For instance, the struggle between good and evil is a frequent theme among fairy tales all around the world. In a therapeutic sense, this can be interpreted as internal conflict or the tension between the id and ego. Many children and young people may suffer from internal conflict whether it is from bullying, teasing, problems at home, etc. Analyzing fairy tales where internal conflict is a major theme can help the therapist determine ways to help his or her client. 

Fairy tales often show that good triumphs evil and if children read that theme then they begin to feel a slightly better about their situation. Reading fairy tales don’t fix the situation but they can help the child cope with their everyday life.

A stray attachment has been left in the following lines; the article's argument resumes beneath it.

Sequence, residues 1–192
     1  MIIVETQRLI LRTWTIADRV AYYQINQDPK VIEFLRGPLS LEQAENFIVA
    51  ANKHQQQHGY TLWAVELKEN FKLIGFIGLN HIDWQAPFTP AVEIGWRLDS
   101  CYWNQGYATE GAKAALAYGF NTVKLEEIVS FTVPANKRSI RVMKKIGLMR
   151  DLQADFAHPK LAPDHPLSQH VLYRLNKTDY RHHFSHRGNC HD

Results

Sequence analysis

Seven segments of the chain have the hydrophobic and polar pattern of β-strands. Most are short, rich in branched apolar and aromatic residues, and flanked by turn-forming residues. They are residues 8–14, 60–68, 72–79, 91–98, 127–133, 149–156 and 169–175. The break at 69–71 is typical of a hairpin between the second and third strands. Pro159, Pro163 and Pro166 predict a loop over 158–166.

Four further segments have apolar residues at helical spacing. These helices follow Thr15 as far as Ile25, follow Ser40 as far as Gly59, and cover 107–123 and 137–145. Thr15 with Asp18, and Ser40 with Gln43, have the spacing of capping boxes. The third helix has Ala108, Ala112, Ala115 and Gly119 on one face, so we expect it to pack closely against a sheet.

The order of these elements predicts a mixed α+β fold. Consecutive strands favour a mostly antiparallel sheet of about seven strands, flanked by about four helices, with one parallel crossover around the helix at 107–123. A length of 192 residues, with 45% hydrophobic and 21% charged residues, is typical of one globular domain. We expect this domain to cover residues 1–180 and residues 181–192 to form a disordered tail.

Another benefit of fairy tales that many are probably not familiar with is that fairy tales can help young adults who are struggling with an eating disorder. Eating disorders often result as a cause of societal pressure while transitioning into adulthood. Laura Hill, published author in “The Journal of Counseling and Development” conducted a study to prove fairy tales can benefit adolescents with eating disorders stating, “Fairy tales offer possible solutions for young people struggling with transitional problems and anxieties by allowing the eating-disordered client to project his or her desired identity onto the fairy tale and draw self-control from the process” (Hill 584). Patients were able to express things about the fairy tale characters that they could not say about themselves. On patient stated, “Cinderella was her favorite fairy tale because Cinderella overcame her social status” (Hill 584). Psychologists can infer from this that the patient needed to surpass that feeling that she was not enough or wasn’t as cool as other girls. This idea of reflecting the story on yourself to bond to our sense of self helps understand our inner struggles and anxieties, and fairy tales are simply a tool to help initiate this.